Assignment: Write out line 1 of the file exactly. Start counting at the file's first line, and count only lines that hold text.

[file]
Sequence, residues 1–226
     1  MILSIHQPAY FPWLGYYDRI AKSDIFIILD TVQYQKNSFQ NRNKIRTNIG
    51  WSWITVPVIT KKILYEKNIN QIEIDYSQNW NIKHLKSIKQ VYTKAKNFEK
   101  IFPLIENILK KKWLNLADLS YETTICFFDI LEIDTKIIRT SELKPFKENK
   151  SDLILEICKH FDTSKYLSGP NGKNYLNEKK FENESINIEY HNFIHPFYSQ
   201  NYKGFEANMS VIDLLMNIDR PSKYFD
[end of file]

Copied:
Sequence, residues 1–226